Comparing the next set of GPS coordinates to a map, I know immediately where we are headed: the Guild 45 movie theater in North Seattle. I presume that the clue will be taped to the outside of the box-office window. Instead we discover the theater open for business. Wandering in, we find Game Control behind the concession counter. They hand us popcorn and soda before ushering us into the theater.
Many players are already seated within, eyes riveted to the screen. We make our way to some empty seats, settle in, and turn our attention to the movie. It appears to be an old silent film: The people move in that jerky, slightly-too-fast manner that characterizes old films, and the only sound is a ’20s-era ragtime accompaniment.
There is never more than one person on the screen at any given time, and the actor or actress is always looking directly into the camera while gesturing. On screen is a young woman making motions as if she is washing a car, and then flexing her muscles while pointing to her biceps.
Bob is in the row ahead of me with pen and paper at the ready. I lean forward and say, “Buff. Write down ‘buff.’“
“Buff?” He says, squinting at the screen. “Are you sure?”
“Yes,” I reply. “She was my partner.”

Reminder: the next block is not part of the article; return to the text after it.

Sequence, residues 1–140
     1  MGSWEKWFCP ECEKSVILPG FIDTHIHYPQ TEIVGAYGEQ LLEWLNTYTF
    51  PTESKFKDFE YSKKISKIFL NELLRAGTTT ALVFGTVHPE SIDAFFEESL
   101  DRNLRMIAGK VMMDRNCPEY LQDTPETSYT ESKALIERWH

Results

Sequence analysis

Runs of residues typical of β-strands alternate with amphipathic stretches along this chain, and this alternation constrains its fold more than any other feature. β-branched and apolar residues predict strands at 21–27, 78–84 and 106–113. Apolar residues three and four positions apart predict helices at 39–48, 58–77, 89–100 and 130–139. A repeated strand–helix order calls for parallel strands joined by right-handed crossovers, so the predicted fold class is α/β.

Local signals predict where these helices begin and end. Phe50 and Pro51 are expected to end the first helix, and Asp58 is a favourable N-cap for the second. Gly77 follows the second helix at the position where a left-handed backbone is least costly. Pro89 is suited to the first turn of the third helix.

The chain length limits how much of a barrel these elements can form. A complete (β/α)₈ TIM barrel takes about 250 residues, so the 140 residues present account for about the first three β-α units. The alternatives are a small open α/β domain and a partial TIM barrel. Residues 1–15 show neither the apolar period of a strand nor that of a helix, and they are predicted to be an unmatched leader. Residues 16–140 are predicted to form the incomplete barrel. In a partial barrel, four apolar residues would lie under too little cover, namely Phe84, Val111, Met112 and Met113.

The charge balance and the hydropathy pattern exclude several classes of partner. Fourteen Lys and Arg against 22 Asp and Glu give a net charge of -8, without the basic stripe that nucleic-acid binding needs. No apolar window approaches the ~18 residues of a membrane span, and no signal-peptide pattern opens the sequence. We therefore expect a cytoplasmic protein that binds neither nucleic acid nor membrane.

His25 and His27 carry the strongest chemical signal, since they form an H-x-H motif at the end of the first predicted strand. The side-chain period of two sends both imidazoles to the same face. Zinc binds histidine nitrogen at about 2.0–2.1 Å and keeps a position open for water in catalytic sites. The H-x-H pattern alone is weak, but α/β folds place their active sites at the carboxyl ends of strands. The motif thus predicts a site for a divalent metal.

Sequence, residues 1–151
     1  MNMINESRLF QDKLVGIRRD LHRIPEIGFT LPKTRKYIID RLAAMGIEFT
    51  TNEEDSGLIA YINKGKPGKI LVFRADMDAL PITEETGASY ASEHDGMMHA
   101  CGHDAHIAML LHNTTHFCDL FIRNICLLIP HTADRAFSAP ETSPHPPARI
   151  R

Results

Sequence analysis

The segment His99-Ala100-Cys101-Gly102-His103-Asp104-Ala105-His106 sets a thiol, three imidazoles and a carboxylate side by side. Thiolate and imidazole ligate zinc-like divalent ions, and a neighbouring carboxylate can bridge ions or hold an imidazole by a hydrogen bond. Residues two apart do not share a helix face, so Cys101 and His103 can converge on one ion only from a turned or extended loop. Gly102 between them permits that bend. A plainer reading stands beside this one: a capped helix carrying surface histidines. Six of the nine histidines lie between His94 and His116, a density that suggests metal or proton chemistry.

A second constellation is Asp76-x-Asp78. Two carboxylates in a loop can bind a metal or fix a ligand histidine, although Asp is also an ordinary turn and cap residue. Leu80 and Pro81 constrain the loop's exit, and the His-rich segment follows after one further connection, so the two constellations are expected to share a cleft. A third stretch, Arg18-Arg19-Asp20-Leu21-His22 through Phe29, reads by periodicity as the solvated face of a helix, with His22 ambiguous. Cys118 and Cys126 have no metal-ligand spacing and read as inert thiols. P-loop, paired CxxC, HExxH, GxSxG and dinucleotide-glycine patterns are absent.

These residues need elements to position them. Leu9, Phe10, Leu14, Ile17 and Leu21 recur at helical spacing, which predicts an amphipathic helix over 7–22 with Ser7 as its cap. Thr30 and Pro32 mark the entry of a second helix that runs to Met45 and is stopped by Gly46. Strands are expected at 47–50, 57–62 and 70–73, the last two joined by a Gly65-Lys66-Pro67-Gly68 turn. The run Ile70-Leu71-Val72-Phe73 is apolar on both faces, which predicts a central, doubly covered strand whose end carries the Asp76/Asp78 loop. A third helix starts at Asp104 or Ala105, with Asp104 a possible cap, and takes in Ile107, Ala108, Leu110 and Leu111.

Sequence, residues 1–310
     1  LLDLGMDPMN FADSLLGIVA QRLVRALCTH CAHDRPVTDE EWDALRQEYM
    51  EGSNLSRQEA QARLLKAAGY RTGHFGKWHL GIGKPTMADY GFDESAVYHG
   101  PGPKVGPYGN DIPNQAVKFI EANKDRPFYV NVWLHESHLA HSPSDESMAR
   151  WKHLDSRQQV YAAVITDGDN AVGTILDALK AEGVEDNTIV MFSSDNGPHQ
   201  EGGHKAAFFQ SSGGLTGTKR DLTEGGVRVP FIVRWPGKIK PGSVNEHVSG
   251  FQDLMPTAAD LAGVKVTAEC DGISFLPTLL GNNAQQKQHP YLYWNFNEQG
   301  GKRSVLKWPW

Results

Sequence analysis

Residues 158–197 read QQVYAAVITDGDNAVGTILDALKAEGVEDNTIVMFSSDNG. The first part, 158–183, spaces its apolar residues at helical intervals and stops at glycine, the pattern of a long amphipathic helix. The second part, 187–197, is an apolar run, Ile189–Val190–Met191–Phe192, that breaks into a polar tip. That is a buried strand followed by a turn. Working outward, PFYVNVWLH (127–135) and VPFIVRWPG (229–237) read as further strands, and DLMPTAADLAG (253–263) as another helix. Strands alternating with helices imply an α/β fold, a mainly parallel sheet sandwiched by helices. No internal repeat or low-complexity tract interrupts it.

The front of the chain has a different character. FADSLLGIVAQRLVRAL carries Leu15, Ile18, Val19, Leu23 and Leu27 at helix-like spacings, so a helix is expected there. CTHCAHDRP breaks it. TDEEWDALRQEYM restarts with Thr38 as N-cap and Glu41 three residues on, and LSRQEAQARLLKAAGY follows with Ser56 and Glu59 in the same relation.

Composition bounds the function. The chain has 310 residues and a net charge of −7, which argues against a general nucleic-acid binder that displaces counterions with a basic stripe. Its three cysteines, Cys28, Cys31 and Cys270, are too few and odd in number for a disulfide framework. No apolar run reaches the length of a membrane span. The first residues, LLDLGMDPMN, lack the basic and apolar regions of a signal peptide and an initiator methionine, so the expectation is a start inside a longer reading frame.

A few moments later I am on the screen pantomiming “ocean.”
All of the footage is from Friday’s modified Charades game, in which players gave their clues directly into a video camera—and Game Control has edited it into a movie. Our job now is to identify the 30 words being acted out.
For years the Game was run concurrently in California and Washington State, with hardcore teams traveling up and down the West Coast to participate in both.
We sit through the movie over and over. One poor guy is giving a clue for “booty”; we watch him aggressively waggle his ass four times in 15 minutes. Finally, when we have guessed two-thirds of the words, we retreat to the lobby. Eventually we notice that the words can be paired up—“boot” and “booty,” “shin” and “ocean,” “buff” and “buffet”—where the second word in each set is the first plus the vocalization of a letter (e.g., boot + E = booty). That gives us 15 letters, and the location of the next clue is revealed.
It’s just before dawn when I get a hold of the Trade Representative for Starship Serenity.
“I’m in the market for drugs,” I tell him bluntly. “Do you have any hypercoke?”
“I have suntoad extract,” he replies. “But the only thing I’m looking for is Fendari ore.”
The “B” Ark is carrying no Fendari Ore. “But keep us in mind, the next time you want to do business,” I say.
There is a game-within-the-Game. At the start of every leg, each team receives a number of cards depicting the ill-begotten goods they have acquired during their travels: meteor beetles, truegold, XGender implants, and more. We gain more commodities whenever we solve a puzzle, and submit our accumulated cargo to Game Control at the end of each leg. Teams can increase their standing in the uppercase-Game based on the value of the wares they submit in the lowercase-game.
The key to success in the trading game is aggressive negotiation with the other teams. As the Trade Representative for the “B” Ark, I spend much of my time at clue sites and during the pitstops bartering with others, swapping Playalien magazines for unwanted berserker beams and striving to complete sets of telepathic cats.